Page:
About this blog
A blog dedicated to the examination of communications in election campaigns, with a focus on posters
Tagged as “Israel”
Thursday, May 21, 2009
Political Web sites all over the world have copied Barack Obama's very successful site—in their designs, color schemes, features, and more! Regardless of their position on the political spectrum, parties and candidates have found that Obama-like sites are effective ones.
Shane D'Aprile, in an article for Politics magazine (April 2009, pp. 26-32; 34; 36-37), mentions some examples of such sites:
- Benjamin Netanyahu (Israel): Obamaesque red buttons on a blue background; "Likud-TV" instead of "Obama TV"; and social-networking ("Netanyahu Everywhere" rather than "Obama Everywhere"). (http://en.netanyahu.org.il/)
- Fianna Fáil (Ireland): Lots of green, but also Obama-type interactive buttons for volunteers, with the site designed by Blue State Digital (which also designed the Obama site). (http://www.fiannafail.ie/content/index/)
- Democratic Alliance (South Africa): A logo that has a sun and stripes on a home page with a slogan "change"; buttons to donate, volunteer, etc. (http://www.da.org.za/)
- Farabundo Martí National Liberation Front (El Salvador): More stripes and buttons to donate and view videos. (http://www.fmln.org.sv/)
Other groups—in India, Great Britain, and Germany—also have borrowed Web ideas from the Obama campaign. According to Ron Dermer, an adviser to Netanyahu, "imitation is the greatest form of flattery. We're all in the same business, so we took a close look at a guy who has been successful and tried to learn from him." (quoted in http://www.nytimes.com/2008/11/15/world/middleeast/15bibi.html)
Sunday, February 8, 2009
Israel's parliamentary election is this Tuesday, with former Prime Minister Benjamin Netanyahu's Likud Party slightly favored to regain power. Since the Israeli incursion into Gaza last month, polls indicate an increase in popularity for the conservatives of Likud, whose main opposition is the ruling Kadima Party, led by Foreign Minister Tzipi Livni, who is perceived as more moderate than Netanyahu. To the right of Netanyahu and his party is Soviet-born Avigdor Lieberman, whose Yisrael Beiteinu (Israel is Our Home) Party is also doing well in the polls. It appears as though the hardliners toward the Palestinians may gain power. One consequence is that Netanyahu, if elected, will not stop building settlements in "occupied" territories. [See article in Reuters for more information on the campaign and U.S.-Israeli relations]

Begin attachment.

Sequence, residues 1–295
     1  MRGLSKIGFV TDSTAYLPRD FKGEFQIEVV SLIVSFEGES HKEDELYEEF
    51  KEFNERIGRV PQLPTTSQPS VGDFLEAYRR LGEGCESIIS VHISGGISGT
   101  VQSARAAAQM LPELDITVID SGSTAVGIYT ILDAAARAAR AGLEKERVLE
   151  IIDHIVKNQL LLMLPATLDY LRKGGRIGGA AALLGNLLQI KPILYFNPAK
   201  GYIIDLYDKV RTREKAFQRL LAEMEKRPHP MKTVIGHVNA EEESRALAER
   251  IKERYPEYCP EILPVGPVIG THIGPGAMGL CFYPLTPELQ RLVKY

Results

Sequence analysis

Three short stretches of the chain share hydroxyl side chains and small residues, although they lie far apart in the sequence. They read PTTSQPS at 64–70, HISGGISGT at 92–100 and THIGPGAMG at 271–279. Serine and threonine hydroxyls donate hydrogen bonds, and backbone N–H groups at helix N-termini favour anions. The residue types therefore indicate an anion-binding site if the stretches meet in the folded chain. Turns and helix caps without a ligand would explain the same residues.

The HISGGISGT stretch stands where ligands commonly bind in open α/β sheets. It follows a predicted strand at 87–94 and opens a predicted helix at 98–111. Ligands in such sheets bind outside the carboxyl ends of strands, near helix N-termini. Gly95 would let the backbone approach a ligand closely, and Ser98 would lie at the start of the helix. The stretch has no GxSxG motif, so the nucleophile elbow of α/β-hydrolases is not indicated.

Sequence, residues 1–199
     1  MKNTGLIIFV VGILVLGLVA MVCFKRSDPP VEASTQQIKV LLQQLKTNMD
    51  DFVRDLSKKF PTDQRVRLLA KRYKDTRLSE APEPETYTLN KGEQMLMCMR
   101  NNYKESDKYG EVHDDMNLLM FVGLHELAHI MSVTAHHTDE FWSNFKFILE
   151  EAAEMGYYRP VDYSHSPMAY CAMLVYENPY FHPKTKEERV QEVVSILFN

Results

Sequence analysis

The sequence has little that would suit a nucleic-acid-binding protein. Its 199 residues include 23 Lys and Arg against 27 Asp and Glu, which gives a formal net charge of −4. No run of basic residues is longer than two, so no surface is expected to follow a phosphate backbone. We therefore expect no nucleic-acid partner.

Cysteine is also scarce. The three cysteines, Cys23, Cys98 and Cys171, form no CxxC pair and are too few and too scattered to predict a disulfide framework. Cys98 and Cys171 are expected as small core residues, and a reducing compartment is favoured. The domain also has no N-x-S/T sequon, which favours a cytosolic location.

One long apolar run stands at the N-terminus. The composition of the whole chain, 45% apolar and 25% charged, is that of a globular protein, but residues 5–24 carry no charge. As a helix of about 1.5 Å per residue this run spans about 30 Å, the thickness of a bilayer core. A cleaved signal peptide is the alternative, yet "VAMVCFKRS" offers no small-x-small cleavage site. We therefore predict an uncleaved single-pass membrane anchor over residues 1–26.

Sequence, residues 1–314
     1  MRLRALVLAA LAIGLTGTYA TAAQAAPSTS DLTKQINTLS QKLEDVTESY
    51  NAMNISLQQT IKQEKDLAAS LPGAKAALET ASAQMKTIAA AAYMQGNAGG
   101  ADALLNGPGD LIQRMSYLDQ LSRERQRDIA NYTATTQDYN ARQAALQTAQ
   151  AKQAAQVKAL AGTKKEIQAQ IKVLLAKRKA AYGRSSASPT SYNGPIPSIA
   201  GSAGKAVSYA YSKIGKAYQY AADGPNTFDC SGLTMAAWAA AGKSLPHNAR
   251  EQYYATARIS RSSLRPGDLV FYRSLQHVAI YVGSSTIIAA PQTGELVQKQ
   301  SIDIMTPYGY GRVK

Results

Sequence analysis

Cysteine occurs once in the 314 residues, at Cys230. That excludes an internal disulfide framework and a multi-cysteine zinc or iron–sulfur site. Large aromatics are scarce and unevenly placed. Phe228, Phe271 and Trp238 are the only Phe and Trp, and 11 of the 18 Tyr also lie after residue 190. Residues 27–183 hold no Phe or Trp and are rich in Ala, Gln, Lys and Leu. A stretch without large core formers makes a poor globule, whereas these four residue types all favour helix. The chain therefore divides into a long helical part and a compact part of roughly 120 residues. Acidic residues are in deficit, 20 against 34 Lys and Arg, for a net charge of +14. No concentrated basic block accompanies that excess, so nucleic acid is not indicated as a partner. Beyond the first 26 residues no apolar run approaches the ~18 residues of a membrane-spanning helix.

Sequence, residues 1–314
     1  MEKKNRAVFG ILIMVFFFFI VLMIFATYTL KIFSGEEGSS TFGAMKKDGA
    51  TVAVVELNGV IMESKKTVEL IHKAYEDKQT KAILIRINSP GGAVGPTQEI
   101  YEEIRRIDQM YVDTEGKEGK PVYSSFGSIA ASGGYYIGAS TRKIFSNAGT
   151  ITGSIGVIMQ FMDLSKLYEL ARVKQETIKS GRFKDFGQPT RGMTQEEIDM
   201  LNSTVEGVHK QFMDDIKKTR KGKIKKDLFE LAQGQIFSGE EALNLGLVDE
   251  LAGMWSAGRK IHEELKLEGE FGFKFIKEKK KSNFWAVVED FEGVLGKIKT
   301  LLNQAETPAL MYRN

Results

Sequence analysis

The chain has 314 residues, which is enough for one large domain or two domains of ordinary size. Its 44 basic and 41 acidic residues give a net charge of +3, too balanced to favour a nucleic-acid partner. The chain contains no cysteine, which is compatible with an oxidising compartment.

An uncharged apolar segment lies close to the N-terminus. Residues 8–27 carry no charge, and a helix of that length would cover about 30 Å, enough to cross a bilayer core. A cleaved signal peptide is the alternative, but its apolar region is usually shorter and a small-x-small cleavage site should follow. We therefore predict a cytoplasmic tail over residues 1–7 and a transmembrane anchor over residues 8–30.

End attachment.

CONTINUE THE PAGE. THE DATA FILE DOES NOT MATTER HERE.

However, there has been a late shift back to the Kadima Party in the polls. Right now, according to the latest data, Likud will gain 27 seats and Kadima 25—out of 120 seats in the Knesset (the Israeli parliament). Yisrael Beiteinu will win 14 seats. The Labour Party, led by Ehud Barak (another former prime minister), trails badly. The leader of the party with a plurality will then attempt to put together a coalition government. According to Jason Koutsoukis of Fairfax Digital Network, even if Livni's party wins the most seats, it will be difficult for her to form a coalition, since Lieberman's party has similar stands to those of Likud.
As for the campaign, many Israelis are uncharacteristically lacking in enthusiasm for the candidates and their positions, according to David Blair of Britain's Weekly Telegraph. Of course, campaign posters continue to be seen on the streets, but fewer rallies have been held.
One group—suspected to be Orthodox extremists—defaced posters of Livni in Jerusalem. It probably had less to do with her centrist positions, and more to do with opposition to images of women being seen in public, wrote Shelly Paz of The Jerusalem Post.